Drops of blood smaller than a grain of rice may be the ultimate arbiters of guilt or innocence in the O.J. Simpson murder case, experts said Monday.
And as pretrial arguments swirled around the use of genetic blood testing, it was clear that the amount of blood available for such tests will be crucial, according to scientists in the field.
One small drop, which would be about the size of a dime if smeared onto clothing, is the minimum amount necessary to obtain viable genetic fingerprinting using the most accurate DNA test, called RFLP.
Prosecutor Marcia Clark is relying on the esoteric technology to try to prove that blood drops on a sidewalk at the townhouse where Simpson's ex-wife and her friend were killed belong to Simpson, and that bloodstains in his Ford Bronco and on a glove found at his Brentwood estate belong to the victims.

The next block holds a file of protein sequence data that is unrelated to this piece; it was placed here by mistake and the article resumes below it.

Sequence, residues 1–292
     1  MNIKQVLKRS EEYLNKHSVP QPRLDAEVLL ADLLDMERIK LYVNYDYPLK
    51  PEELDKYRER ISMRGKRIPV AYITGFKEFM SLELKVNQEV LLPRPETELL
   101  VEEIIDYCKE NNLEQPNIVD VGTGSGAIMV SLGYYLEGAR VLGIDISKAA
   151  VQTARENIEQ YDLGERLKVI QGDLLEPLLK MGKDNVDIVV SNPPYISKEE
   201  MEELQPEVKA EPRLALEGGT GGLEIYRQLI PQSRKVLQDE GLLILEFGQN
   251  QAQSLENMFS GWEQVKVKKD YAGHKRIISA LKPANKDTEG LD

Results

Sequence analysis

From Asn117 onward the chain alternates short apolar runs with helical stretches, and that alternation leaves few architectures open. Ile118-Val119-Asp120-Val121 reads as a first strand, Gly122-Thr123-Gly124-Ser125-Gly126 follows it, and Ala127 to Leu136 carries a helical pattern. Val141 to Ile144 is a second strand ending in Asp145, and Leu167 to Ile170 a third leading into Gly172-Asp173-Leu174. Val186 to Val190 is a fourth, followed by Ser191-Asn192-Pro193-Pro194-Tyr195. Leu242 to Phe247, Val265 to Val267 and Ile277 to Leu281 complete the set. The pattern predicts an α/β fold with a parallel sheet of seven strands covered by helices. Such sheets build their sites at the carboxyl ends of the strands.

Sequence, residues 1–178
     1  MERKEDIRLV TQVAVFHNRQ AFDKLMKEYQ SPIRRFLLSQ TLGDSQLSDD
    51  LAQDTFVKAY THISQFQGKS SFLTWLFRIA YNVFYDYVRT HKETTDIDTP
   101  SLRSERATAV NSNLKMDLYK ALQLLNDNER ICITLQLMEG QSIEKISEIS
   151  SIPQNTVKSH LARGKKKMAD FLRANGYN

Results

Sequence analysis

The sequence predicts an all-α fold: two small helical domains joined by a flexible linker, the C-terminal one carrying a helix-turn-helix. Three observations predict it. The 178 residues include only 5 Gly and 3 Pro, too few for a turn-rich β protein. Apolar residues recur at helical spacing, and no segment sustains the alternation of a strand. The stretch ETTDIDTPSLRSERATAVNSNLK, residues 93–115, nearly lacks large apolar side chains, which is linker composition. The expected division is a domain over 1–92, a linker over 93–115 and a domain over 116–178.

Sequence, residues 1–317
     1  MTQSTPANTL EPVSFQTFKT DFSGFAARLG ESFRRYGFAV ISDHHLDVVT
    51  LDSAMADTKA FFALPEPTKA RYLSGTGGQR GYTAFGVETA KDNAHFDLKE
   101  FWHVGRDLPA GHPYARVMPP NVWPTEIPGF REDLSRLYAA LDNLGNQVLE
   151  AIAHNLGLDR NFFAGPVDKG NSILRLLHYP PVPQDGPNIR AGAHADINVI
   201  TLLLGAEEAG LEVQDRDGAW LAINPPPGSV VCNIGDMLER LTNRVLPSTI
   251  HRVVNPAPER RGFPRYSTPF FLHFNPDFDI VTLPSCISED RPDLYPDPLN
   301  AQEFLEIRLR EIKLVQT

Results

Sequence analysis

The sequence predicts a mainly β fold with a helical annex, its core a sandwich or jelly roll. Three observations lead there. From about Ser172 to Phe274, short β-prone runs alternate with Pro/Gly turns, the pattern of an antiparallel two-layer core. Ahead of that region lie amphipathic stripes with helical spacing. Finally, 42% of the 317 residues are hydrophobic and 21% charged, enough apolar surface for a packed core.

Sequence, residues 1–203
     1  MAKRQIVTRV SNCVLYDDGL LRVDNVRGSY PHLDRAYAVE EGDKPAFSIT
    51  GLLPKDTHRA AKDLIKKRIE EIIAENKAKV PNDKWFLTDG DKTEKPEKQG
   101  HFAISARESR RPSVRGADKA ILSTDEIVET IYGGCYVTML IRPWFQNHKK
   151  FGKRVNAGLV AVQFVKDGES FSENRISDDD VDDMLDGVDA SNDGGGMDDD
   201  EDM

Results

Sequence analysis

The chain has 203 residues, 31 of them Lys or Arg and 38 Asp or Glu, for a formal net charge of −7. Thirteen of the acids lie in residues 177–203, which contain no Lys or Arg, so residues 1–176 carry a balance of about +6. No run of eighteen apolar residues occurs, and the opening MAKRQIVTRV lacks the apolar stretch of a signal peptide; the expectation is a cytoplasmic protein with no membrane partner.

Simpson's defense team wants to obtain a portion of each blood sample to conduct its own testing, but most of the blood specimens on which Clark is building her case barely meet the minimum size requirement. Some are smaller.
It might be possible to obtain results with the smaller samples, according to geneticist George F. Sensabaugh Jr. of UC Berkeley, but the chances are poor that the results would be useful. In Monday's hearing, Clark said it is unlikely there will be enough left over for independent testing by the defense.
For those blood specimens not large enough for RFLP fingerprinting, the prosecution will fall back on a second, less specific type of fingerprinting called PCR. It requires a far smaller sample and is performed much more quickly, but its results are not nearly as definitive. Clark may also find it harder to have PCR results admitted into court because the technique is newer than RFLP and has not been used in court nearly as often.